1. Tampa Bay Buccaneers: Jameis Winston, QB, Florida State
Propping up Winston shouldn’t come at the expense of tearing down Marcus Mariota, but the former is certainly more pro-ready than the latter. Winston can step right into a pro offense and turn up the heat on opposing NFC South defenses, especially with the weapons the Buccaneers posses on the outside. While some compare Winston to the college prospective of Peyton Manning and Andrew Luck, he’s more of a Brett Favre type who slings the ball all over the field – sometimes to opposing defenses. Still, despite the interceptions – and off-field transgressions -- Winston is still the best option to go No. 1 overall.
2. Tennessee Titans: Leonard Williams, DE/DT, USC
He may be the best all-around player in the draft, as scouts see him as the next Richard Seymour, able to play up and down the defensive line. Williams is the ultimate disrupter against the pass and has enough power and technique to be a really good run-stopper. Yes, it’ll be difficult for the Titans to pass on Mariota, but head coach Ken Whisenhunt must give second-year passer Zach Mettenberger more time to develop and see what he has in the former LSU star.
3. Jacksonville Jaguars: Vic Beasley, OLB, Clemson
The Jaguars’ offensive line was putrid last season, but there really isn’t a prospect worthy of the No. 3 pick. Ironically enough, there’s offensive talent on the perimeter and quarterback Blake Bortles seems like a keeper, so for the Jaguars, if they can’t get a stud offensive lineman with the pick, the next logical choice would be to nab a game-changing defensive player. Luckily for them, this draft is crawling with pass rushers, and Beasley has all the makings of being the best. His combine didn’t disappoint, as he proved to be the most explosive pure pass rusher in this class. Gus Bradley’s hybrid 4-3 defense (four lineman and three linebackers) is primed to slot in a guy like Beasley, as the Jags need more ammo to contend with Luck and Co.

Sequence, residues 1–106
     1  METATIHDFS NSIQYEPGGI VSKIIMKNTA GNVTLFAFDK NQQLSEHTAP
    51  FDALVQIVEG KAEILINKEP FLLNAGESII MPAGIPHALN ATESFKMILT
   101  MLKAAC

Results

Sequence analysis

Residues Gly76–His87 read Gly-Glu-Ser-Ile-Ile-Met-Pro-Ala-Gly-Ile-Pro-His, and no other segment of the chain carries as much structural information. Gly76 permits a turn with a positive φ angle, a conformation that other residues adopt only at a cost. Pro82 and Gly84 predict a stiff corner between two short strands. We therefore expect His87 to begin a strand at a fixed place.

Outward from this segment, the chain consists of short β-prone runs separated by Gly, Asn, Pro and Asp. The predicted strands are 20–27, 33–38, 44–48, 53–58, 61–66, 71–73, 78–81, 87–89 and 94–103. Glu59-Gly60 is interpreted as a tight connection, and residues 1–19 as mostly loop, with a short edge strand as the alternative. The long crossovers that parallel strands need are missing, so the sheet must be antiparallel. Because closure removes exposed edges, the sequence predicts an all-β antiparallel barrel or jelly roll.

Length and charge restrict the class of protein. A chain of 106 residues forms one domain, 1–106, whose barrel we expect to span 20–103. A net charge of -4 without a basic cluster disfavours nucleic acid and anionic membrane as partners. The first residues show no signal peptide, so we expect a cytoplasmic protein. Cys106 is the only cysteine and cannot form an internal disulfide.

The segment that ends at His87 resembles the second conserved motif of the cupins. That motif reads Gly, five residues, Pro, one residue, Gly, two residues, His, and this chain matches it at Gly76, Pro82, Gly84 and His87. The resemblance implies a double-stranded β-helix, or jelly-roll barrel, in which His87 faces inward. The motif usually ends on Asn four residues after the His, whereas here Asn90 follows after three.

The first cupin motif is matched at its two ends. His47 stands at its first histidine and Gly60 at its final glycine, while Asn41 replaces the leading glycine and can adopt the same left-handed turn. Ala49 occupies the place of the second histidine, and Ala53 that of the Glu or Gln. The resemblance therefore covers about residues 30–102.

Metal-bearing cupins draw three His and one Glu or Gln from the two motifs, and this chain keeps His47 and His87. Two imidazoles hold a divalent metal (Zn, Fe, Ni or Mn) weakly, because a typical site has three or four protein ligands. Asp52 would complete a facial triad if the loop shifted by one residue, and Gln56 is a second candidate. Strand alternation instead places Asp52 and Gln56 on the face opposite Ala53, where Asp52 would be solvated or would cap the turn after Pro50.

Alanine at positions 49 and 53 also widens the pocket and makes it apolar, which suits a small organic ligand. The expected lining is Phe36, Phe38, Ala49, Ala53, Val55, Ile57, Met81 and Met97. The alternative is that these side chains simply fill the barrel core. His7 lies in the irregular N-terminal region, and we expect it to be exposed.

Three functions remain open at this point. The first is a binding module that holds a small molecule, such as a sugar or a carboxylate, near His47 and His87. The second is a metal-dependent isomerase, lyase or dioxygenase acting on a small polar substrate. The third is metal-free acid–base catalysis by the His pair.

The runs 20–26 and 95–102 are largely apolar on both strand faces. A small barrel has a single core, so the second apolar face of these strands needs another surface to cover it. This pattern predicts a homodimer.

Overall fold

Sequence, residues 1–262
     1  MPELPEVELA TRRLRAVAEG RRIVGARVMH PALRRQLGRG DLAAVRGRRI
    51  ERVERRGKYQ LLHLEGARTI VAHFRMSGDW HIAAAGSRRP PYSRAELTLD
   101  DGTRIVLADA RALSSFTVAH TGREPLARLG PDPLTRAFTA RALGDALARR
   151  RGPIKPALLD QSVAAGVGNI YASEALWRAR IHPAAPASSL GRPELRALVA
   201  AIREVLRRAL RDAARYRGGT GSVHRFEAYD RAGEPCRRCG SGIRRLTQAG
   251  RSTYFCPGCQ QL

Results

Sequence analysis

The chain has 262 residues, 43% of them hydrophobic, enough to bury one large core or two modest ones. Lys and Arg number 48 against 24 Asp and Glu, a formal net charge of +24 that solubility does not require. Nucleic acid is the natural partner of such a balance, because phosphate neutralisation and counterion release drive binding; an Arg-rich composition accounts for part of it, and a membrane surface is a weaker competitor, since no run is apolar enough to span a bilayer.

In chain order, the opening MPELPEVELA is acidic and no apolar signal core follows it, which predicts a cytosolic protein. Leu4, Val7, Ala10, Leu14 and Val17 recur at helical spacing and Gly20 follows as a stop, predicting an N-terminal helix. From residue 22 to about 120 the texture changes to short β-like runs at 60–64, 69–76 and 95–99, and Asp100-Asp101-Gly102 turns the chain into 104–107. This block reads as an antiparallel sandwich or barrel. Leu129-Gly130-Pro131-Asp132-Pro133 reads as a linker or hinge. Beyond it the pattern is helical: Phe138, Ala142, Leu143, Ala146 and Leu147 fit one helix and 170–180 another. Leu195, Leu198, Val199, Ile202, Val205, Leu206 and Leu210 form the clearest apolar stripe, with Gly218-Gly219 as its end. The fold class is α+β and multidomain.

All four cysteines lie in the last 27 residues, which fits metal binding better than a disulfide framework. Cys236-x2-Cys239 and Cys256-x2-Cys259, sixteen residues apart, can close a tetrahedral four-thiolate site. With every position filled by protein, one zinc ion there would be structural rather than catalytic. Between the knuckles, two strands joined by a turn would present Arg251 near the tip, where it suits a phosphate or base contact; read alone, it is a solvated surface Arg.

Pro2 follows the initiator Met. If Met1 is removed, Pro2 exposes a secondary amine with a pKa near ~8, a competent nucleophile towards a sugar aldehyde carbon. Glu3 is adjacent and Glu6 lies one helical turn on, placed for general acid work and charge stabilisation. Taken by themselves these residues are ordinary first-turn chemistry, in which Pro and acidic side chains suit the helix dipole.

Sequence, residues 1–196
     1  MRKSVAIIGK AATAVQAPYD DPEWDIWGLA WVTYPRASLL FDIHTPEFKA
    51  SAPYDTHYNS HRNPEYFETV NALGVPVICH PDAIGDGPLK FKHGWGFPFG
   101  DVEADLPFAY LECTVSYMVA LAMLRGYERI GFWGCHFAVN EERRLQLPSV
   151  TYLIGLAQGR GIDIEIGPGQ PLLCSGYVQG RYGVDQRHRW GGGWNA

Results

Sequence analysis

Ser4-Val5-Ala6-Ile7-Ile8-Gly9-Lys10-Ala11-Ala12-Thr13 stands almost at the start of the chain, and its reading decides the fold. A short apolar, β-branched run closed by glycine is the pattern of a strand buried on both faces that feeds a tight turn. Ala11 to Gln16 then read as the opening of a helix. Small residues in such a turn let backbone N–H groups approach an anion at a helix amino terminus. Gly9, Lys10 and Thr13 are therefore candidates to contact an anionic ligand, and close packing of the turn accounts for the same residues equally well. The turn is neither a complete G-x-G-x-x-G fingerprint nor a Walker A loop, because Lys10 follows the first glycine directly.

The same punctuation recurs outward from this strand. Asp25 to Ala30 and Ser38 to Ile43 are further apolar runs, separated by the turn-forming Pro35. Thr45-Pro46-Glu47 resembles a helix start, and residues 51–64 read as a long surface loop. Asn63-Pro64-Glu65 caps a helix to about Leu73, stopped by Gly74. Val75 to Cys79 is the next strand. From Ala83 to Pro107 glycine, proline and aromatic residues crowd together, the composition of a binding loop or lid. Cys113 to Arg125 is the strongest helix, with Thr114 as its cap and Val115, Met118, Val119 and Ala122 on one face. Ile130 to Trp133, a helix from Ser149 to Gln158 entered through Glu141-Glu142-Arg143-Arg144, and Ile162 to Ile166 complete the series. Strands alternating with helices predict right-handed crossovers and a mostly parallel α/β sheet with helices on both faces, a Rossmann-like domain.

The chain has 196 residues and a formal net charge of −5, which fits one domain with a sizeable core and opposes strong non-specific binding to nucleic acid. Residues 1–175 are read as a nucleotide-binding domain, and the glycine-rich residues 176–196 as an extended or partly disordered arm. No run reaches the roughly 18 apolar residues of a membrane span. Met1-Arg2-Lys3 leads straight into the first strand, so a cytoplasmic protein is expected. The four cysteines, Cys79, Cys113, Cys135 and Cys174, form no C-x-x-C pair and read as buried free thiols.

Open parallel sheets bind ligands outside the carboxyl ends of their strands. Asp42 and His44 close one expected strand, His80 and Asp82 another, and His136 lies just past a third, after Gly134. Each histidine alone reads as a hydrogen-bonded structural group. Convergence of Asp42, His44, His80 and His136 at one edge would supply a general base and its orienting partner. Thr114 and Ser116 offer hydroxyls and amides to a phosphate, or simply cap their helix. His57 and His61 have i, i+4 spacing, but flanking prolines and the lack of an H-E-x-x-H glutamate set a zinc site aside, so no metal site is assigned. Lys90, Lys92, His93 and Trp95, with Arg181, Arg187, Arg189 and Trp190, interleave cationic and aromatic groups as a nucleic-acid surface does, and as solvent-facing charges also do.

4. Oakland Raiders: Kevin White, WR, West Virginia
If Al Davis was still with us, he’d run to the table and hand in this card. White and Amari Cooper are the top wide receiver prospects this year. And while the latter may be more polished as a route runner and has shown he could perform on the highest level while at Alabama, the former has all the tools to scare any defense and blow the roof off any secondary. White is bigger, stronger, and faster than Cooper – and that’s been the Raider way since the team’s inception.
5. Washington Redskins: Randy Gregory, DE, Nebraska
Pro Bowler Brian Orakpo’s contract is up, so if he’s not re-signed, Washington will need to fill that void. It’s heads-or-tails on deciding who the best pass rusher in the draft is, but since Beasley is slotted for Jacksonville, that means that Gregory is a nice consolation prize. He’s lighter than Beasley, but he actually plays the run better. And with his long arms and range, Gregory could be the next Aldon Smith, able to use his length and athleticism to gain the proper leverage against the run.